Thursday, 27 January 2022

Theatre group returns with six Grimm tales

Theatre group returns with six Grimm tales

HENLEY’S Acorn Music Theatre Company is returning to the stage for the first time in more than a year with a show featuring six stories from the Brothers Grimm.

Tales for Fairly Grimm Times is playing in the barn at White Pond Farm in Stonor from Thursday to Saturday, June 24 to 26.

Evening performances will start at 7.30pm but the doors will open at 6pm to allow patrons to enjoy food and drink from the fully licensed bar, which has been named The Twisted Weasel for this production.

There is also a matinée performance on the Saturday at 2.30pm, with doors opening at 2pm.

Featuring a cast of 55 young people from the Henley area, the production takes as its starting point six folk tales collected by Jacob and Wilhelm Grimm in the early 19th century.

These are Clever Elsie, The Fisherman and his Greedwife, The Three Surgeons, The Elves and the Shoemaker, Aschenputtel (aka Cinderella) and The Wolf and the 17 Kids.

The first two tales have previously been performed by Acorn, which was founded 30 years ago, but the others are new for this year.

Writer and director Gail Rosier is the company’s artistic director and has been on board since the start.

A former drama teacher at Gillotts, The Henley College and the Piggott School in Wargrave, she says that each of the six tales has been reimagined and reinterpreted by the cast during weekly Monday night rehearsals at Greys village hall.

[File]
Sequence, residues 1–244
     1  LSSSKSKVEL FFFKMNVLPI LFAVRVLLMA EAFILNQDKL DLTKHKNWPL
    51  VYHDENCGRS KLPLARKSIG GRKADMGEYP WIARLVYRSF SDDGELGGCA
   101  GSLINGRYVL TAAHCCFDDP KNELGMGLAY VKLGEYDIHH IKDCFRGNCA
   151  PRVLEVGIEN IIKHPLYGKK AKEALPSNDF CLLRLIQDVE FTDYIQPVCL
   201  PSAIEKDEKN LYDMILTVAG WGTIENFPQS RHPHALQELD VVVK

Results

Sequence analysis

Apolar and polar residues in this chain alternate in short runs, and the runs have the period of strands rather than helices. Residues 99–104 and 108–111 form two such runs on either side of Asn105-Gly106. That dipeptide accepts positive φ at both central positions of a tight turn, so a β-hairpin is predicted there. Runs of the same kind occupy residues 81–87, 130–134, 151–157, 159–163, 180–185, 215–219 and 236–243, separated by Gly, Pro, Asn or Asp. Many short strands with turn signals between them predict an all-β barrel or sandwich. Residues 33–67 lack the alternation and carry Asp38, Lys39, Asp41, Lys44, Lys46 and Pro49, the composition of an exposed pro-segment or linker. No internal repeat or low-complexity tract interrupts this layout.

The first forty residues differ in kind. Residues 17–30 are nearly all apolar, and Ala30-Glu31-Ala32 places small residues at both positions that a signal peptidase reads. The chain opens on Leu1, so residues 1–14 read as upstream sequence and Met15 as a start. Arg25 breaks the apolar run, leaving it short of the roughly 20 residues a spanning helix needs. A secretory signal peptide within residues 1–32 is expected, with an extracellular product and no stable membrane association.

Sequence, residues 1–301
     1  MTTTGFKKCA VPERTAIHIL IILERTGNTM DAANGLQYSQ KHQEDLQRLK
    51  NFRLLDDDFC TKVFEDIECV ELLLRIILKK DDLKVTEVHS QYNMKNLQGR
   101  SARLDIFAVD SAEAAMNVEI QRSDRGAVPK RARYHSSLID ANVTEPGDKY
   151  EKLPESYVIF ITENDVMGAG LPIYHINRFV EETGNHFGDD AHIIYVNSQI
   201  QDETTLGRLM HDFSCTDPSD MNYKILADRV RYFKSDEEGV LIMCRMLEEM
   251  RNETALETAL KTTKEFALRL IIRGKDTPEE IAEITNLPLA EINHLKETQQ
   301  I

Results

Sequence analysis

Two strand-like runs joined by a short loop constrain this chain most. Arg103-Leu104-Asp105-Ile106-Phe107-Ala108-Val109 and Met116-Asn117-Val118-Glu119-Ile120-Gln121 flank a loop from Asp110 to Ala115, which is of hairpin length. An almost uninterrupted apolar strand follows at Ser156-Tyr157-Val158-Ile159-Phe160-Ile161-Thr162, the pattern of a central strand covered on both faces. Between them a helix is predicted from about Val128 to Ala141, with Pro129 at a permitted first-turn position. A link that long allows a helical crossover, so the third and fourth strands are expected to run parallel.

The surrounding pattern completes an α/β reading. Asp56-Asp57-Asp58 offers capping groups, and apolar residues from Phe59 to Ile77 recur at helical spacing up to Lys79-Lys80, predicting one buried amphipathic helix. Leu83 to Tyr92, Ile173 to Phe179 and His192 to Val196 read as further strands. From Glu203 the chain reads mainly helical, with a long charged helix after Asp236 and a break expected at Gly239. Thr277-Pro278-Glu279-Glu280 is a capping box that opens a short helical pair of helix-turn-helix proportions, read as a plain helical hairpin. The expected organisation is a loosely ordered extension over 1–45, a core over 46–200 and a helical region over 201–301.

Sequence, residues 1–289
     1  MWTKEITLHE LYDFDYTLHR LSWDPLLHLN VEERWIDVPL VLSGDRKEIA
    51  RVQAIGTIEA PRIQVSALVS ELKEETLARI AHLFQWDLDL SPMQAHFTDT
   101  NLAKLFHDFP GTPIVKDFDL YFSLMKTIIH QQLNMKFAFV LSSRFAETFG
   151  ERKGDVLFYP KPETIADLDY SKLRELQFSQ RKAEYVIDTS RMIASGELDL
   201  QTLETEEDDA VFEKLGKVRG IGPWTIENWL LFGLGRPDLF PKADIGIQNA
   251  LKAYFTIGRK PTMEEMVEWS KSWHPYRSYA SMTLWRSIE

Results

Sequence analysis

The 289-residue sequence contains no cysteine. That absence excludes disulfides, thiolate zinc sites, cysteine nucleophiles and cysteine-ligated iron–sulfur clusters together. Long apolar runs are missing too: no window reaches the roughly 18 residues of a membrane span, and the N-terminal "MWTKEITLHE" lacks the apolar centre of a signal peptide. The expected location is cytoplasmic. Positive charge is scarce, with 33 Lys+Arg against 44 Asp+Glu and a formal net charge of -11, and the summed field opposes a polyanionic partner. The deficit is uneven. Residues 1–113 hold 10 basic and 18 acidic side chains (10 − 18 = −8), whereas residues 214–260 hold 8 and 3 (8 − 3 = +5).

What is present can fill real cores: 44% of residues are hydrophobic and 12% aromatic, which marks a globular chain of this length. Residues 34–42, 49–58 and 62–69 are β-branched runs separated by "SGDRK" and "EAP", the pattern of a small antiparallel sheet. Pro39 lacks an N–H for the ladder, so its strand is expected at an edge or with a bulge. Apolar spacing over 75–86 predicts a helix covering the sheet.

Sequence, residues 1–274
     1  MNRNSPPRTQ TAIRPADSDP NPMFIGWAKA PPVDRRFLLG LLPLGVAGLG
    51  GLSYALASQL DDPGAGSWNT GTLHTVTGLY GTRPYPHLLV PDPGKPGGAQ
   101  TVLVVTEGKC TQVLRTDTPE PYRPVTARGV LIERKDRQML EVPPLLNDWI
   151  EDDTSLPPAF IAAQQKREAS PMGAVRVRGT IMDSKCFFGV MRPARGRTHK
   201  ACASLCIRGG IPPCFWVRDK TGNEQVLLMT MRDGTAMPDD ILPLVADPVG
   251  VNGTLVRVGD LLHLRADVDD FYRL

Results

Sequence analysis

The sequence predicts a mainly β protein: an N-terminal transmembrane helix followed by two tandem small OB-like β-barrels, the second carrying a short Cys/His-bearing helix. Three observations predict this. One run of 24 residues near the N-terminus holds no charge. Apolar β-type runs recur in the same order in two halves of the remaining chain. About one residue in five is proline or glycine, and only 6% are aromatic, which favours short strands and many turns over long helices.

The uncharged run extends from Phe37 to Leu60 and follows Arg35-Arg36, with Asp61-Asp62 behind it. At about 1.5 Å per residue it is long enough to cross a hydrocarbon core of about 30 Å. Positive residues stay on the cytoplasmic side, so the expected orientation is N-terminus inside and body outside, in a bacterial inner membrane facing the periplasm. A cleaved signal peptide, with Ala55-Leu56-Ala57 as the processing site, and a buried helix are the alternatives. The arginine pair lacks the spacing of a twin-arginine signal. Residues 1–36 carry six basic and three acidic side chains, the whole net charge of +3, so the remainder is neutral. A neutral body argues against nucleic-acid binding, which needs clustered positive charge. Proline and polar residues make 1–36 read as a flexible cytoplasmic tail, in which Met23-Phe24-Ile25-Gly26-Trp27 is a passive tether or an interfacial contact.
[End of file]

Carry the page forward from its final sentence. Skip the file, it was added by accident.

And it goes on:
“We start off without a script, just with a story, and we take various bits of it — so, you know, we’re working on how does the wolf eat the kids. Or in Aschenputtel there’s a rowan tree, so the young people are improvising how do you create a rowan tree.

“It’s physical theatre, so everybody — even the very small people — are coming up all the time and saying ‘I think the wolf should do this.’ So we’re all collaborating and we keep workshopping it.”

For Gail, the choice to adapt the Brothers Grimm for the stage serves an important purpose in these covid times.

“The tales really reflect how you can’t shield young people from what’s going on in the world and they feel safer for addressing that kind of thing,” she says.

“For example, one of the new ones is The Wolf and the 17 Kids, and that’s being done with the very little ones in the group.

“And although, you know, they’re having the time of their lives being chased by Louis Bell, one of our adult helpers, who plays a very scary wolf, it’s also reassuring that we’re addressing scary things.

“Putting it in a fairy tale makes it an edible thing, doesn’t it? You know, you can be scared but then you can be reassured.”

The division of labour among the cast has the youngest members working on just the wolf story, with the next age group up working on two of the tales and the older members working on three tales.

Gail says: “They’re an ensemble cast, so although there will be Louis as the wolf and various things like that, everybody has lots of roles to play and swaps in often. And because it’s physical theatre we create everything on the stage. So the physical theatre combined with the live music makes it a very dynamic thing.”